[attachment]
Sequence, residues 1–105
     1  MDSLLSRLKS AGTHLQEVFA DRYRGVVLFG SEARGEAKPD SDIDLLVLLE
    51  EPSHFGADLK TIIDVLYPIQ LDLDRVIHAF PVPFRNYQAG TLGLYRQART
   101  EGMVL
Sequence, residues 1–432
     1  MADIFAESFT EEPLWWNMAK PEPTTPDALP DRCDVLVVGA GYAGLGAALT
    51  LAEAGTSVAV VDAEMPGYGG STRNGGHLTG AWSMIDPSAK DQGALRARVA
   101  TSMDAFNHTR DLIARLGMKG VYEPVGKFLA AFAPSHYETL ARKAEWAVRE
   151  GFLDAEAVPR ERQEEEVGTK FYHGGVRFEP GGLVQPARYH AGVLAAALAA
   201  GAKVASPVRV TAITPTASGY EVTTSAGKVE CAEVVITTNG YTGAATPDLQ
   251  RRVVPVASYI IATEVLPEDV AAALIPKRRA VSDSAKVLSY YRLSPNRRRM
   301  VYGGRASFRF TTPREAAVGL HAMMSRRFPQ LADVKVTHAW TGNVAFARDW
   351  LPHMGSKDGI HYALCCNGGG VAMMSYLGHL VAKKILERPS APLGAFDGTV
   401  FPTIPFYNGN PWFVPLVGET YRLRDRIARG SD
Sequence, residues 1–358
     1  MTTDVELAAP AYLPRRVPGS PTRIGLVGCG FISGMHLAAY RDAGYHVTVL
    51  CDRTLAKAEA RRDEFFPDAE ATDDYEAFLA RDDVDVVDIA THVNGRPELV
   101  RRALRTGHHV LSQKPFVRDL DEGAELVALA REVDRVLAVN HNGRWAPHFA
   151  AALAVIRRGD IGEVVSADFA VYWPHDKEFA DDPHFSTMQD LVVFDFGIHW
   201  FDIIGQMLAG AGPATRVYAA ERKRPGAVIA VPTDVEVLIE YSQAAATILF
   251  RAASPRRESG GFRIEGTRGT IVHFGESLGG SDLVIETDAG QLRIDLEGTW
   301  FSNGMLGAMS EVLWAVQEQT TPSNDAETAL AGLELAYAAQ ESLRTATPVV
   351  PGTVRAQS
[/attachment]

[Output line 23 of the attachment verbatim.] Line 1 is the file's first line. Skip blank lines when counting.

   351  PGTVRAQS